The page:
An overload of tourists and an overwhelmed Thai healthcare system are issues to monitor next year after China fully reopens, with up to 500,000 tourists projected to start travelling during Chinese New Year.
Even though the tourism sector applauded the announcement from Beijing that it is lifting most entry requirements from Jan 8, except for a pre-arrival Covid-19 test, tourism operators were concerned about an imbalance between supply and demand.
Tourism Authority of Thailand (TAT) governor Yuthasak Supasorn said China's reopening would lead TAT to revise its target for foreign arrivals from 20 million to more than 25 million in 2023.
An influx of Chinese tourists, who have been unable to travel overseas for three years, may flock to Thailand during the Chinese New Year holiday at the end of January, with the possibility of 500,000 tourists arriving during this period and 3-5 million Chinese for the whole year, he said.
Mr Yuthasak said positive signs were noticed immediately, as 15 minutes after the announcement Beijing-based online travel platform Qunar saw air ticket searches surge by seven times, with Thailand the most popular destination, followed by Japan and South Korea.
The travel platform under Tongcheng Travel also reported an 850% increase in searches for international routes, mainly driven by users in Beijing, Shanghai and Guangzhou.
Mr Yuthasak said the TAT and the private sector will meet today to discuss preparations and evaluate the situation as China's major shift in its border policy after three years requires a recalibration.
He said if the private sector has any concerns about the Thai healthcare system, the TAT will take these questions to the Public Health Ministry to ensure the healthcare system is ready.
"The most important factor is not how many Chinese will return to visit Thailand, but helping the country avoid another Covid wave and keeping Thais safe," said Mr Yuthasak.
Beijing stopped announcing Covid infection numbers this week after the country reportedly had more than a million daily cases, according to some media outlets.
He said the return of the Chinese tourism market may gradually help sort out the problem of overcapacity as investors or operators will be willing to fully invest in employment and business expansion once this segment rebounds.
Sisdivachr Cheewarattanaporn, president of the Association of Thai Travel Agents, said increasing flight capacity should be the first priority for Thailand.
Moreover, Thailand still has to monitor how Beijing helps facilitate passport renewals for its citizens, he said.
Mr Sisdivachr said China might also need to signal which market it would like to promote for outbound tourism, as there is no update on lifting the tour group suspension at the moment.
"The end of quarantine is good news from China, especially for small hotels in Thailand, but the pace of recovery will be gradual and depend on many factors," said Marisa Sukosol Nunbhakdi, president of the Thai Hotels Association.
Mrs Marisa said limited flights connecting to China will be an obstacle during Chinese New Year on Jan 22, while a labour shortage for hoteliers remains, as many workers left the industry for other jobs.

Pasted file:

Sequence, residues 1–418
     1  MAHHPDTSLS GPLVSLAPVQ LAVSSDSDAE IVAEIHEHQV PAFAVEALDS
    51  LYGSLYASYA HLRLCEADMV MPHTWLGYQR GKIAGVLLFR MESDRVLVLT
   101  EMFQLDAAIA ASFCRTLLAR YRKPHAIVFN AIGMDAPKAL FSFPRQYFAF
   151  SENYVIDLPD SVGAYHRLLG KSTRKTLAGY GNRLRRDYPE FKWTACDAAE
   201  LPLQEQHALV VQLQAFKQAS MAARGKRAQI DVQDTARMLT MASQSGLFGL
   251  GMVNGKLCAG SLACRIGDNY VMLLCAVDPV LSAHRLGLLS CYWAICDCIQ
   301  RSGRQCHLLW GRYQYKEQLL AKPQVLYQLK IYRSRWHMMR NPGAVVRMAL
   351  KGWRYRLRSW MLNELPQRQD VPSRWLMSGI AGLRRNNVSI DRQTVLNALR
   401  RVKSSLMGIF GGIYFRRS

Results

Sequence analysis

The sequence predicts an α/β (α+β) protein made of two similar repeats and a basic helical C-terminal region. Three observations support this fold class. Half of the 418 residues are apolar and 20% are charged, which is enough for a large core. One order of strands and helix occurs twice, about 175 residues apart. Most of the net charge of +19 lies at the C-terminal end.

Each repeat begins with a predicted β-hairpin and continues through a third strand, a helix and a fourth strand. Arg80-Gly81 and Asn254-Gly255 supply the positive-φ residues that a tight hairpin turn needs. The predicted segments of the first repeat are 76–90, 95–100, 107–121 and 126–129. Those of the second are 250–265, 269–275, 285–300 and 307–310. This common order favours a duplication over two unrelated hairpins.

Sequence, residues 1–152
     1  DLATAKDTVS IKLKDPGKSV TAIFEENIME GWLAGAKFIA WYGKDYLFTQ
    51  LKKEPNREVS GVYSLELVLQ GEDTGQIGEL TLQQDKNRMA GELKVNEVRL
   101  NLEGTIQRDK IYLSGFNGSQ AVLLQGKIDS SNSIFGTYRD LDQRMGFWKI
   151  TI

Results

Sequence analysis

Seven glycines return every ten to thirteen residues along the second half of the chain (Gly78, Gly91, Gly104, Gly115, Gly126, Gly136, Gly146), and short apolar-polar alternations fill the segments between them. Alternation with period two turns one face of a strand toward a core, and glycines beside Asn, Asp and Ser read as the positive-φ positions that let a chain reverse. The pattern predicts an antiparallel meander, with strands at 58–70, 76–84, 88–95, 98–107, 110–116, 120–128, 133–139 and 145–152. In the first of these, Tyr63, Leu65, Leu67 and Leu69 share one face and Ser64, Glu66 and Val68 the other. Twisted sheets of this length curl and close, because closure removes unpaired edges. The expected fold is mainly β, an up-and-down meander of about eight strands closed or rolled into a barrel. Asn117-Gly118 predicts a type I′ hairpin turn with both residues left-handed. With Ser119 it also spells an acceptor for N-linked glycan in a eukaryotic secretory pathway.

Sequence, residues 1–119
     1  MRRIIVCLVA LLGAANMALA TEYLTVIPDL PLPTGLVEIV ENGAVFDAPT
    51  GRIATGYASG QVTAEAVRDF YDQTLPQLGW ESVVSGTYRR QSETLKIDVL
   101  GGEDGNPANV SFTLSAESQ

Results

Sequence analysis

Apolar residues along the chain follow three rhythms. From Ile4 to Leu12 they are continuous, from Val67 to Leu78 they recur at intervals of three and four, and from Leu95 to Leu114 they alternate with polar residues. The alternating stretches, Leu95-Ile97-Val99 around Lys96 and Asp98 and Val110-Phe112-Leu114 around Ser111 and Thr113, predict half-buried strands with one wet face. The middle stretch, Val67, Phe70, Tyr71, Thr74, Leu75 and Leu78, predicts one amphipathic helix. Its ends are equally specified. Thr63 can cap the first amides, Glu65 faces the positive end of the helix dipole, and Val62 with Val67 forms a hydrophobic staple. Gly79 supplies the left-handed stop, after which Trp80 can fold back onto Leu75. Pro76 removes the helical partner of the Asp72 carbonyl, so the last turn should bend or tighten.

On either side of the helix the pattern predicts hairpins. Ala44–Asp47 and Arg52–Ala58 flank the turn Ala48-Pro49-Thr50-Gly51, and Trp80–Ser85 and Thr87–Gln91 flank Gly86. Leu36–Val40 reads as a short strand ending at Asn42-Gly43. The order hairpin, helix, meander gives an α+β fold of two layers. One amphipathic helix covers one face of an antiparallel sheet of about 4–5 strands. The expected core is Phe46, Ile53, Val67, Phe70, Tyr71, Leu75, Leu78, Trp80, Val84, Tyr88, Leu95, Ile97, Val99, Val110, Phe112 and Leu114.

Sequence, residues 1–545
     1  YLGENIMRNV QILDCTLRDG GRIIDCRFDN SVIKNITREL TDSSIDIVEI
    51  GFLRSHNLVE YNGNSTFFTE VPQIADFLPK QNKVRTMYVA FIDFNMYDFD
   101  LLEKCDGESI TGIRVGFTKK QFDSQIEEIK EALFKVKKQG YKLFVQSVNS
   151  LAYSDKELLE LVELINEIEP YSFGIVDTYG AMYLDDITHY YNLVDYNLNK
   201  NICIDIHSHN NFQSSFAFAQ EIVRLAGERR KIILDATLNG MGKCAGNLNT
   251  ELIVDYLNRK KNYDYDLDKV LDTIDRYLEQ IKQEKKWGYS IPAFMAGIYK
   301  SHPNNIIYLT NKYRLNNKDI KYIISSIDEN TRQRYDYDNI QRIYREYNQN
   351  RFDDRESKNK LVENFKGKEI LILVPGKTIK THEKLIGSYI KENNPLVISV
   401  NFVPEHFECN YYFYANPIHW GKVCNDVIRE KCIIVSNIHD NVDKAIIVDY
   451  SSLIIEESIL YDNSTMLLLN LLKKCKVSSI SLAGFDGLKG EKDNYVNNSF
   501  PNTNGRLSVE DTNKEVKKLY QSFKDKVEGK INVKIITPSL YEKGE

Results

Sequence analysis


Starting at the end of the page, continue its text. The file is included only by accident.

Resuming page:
She said hotel operators have to be more active in recruiting staff and be prepared to pay higher operational costs from both employment and electricity charges as a result of growing consumption.
Mrs Marisa said even though Chinese tourists could help generate income for various segments and destinations, such as those in the North, the tourism industry should learn not to be overly dependent on a single market as happened in the past, when the Chinese accounted for 25% of the overall inbound market.
Tassapon Bijleveld, executive chairman of Asia Aviation (AAV), said congestion at Suvarnabhumi airport usually occurs during peak hours as most airlines cannot increase flights to cater to growing demand.
He said most international flights were fully packed with a load factor of more than 90%, higher than the average of 85% during normal periods, causing congestion at immigration and baggage claims when several flights land during the same hour.
Mr Tassapon said Airports of Thailand already tried to solve this problem by increasing manpower, but it needs a more serious approach if Chinese travellers come back in droves next year because insufficient capacity for ground handling services also results in flight delays.
Nuntaporn Komonsittivate, head of commercial operations at Thai Lion Air, said the airline could not commit to expanding flights to the mainland in time for Chinese New Year as flight operations require notice of at least a month.
Moreover, the airline would have to rotate aircraft from its existing fleet of 11 jets to fly to China at night, as the airline is awaiting new airplanes, said Ms Nuntaporn.
Santisuk Klongchaiya, chief executive of Thai AirAsia, said whenever the Civil Aviation Administration of China officially allows international airlines to resume normal operations, the airline will immediately expand services to the country, which could be in time for the upcoming Chinese New Year holiday.